The Best Films Set In…Chicago

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Sep 172014
 

thesting-film

This is the thirteenth post in the “The Best Films Set In…” series. The setting can be a place (like Tokyo), a location (like the beach), or a time (like Winter). In these posts I’m going to pick my 5 favourite films that are set in that particular place/location/time and explain why I like them.

For this edition, I’ve handed over the reigns to Sydney film enthusiast and critic, Lisa Malouf. Lisa has picked an American city for the setting of her list. It’s a city that can be both beautiful and gritty, and is the setting of a large number of excellent crime genre films. Thanks for sharing your list with us Lisa. [Ed]

The city of Chicago conjures up many associations for different people: it could be historical figures Al Capone and Eliot Ness, its nickname ‘the windy city’, or the famous Steppenwolf Theatre Company, or maybe as the one-time home of the Obama family, and the long-time home of both Oprah Winfrey and the late great Roger Ebert. For me, the first thing I reflect upon when thinking about Chicago is just how many terrific films were set (and often filmed) in this city.

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The Forgotten: Mean Creek

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Sep 112014
 

mean creek

In this edition of The Forgotten, Alex Withrow (And So It Begins…) explains why Mean Creek (Jacob Aaron Estes, 2004) is a fantastic indie and an interesting example of the weird ways and fates of Hollywood. Thanks for sharing this film with us Alex.[Ed]

The core dilemma of the tiny and excellent indie film, Mean Creek, is one we’ve all seen before. It’s the prank gone too far. The joke with fatal consequences. It’s the lethal dose of youth, bad choices and fear, blended together to create catastrophe.

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The Best Films Set In…London

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Sep 072014
 

closer_4

This is the twelfth post in the “The Best Films Set In…” series. The setting can be a place (like Tokyo), a location (like the beach), or a time (like Winter). In these posts I’m going to pick my 5 favourite films that are set in that particular place/location/time and explain why I like them.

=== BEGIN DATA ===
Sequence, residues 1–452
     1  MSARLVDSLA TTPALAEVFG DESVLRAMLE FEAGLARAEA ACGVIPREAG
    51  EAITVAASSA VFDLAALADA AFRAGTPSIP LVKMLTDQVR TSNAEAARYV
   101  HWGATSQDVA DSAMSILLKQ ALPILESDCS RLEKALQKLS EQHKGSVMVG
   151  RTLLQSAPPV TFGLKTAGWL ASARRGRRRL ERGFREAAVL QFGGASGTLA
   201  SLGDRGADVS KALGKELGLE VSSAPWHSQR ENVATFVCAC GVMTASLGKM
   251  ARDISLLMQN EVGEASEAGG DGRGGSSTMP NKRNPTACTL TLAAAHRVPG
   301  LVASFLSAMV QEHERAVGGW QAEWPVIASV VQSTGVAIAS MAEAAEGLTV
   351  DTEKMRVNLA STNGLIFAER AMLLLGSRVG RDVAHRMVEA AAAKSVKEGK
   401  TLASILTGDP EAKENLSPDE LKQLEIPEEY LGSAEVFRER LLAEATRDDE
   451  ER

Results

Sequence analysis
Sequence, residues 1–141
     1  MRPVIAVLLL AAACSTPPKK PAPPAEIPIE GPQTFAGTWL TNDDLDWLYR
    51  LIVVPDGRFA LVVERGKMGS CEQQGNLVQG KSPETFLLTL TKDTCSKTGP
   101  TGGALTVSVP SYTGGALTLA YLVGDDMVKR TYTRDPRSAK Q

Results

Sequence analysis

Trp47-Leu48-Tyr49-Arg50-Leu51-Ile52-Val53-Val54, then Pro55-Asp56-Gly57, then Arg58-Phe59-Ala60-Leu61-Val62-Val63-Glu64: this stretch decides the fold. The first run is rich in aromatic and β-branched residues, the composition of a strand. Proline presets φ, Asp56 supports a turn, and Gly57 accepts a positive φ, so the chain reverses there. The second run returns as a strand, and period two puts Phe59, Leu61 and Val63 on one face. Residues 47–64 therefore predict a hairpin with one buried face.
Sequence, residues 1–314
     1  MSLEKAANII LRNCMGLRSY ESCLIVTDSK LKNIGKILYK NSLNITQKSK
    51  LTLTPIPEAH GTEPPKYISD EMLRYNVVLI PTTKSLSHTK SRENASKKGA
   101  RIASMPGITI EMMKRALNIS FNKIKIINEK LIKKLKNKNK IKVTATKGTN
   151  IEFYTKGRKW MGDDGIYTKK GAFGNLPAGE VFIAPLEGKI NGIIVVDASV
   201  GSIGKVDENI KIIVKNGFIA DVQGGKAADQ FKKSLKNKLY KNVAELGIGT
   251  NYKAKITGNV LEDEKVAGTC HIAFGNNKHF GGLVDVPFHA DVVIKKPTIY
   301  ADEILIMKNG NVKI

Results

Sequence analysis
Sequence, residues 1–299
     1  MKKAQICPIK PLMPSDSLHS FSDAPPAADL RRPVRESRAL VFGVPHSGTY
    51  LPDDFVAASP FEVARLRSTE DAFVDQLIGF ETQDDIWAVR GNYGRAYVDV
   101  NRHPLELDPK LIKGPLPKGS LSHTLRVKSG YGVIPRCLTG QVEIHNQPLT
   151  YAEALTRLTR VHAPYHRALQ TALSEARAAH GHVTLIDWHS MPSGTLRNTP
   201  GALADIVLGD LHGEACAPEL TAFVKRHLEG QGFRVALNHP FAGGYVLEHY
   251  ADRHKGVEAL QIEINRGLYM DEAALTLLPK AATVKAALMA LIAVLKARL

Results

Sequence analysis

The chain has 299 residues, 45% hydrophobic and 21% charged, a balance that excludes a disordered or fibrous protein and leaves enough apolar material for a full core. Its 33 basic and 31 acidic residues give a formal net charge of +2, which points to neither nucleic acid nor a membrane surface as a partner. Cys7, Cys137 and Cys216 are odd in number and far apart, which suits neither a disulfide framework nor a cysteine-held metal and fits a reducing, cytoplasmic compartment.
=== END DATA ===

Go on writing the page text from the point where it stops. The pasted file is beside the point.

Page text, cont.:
For this edition, I’ve handed over the reigns to Sydney film enthusiast Steven Savona. Steven picked a city for the setting of his top 5 list. This city is known for its black taxi cabs, royal residents and a large clock called Ben. After the jump its Steven’s picks for The Best Films Set In…London

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The Forgotten: Narc

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Sep 052014
 

narcimage01

In this edition of The Forgotten, Matthew Pejkovic (Matt’s Movies Reviews) explains why Narc (Joe Carnahan, 2002 ) is a genre masterpiece. Thanks for sharing this film with us Matt.[Ed]

Whenever the discussion turns to best directorial debuts, the one go-to in my arsenal is Joe Carnahan’s 2002 crime thriller Narc. Yes, this is the same Joe Carnahan who failed to dazzle with Smokin’ Aces and The A-Team, had Liam Neeson face off against a pack of wolves in The Grey, and has more failed projects than accomplished ones throughout his career. Yet so strong is Narc, that any misstep in Carnahan’s career is immediately forgiven.

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Watch It Again @ The Matinee – Eyes Wide Shut

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Aug 172014
 

eyeswideshut-film

I was honoured when Ryan McNeil at The Matinee invited me to contribute a guest post to his fantastic site. The brief – write about a film you didn’t like a first, but grew to love when you watched it again. A couple of films sprung to mind, but the film I think I’ve done the biggest 180 on is Stanley Kubrick’s Eyes Wide Shut.

When Eyes Wide Shut was released in cinemas I was 14, that’s 4 years below the age allowed by New Zealand law to view the film. I didn’t know who Stanley Kubrick was, but I knew Hollywood stars Kidman and Cruise, and I thought a film with both of them in it might be cool. A few years later I caught the film when it played on TV late one Saturday evening. By then the film had become infamous for the orgy scenes, and Cruise and Kidman had ended their marriage, but I still didn’t know who Kubrick was (I was a late bloomer in many areas of film appreciation).

Read the full post at The Matinee.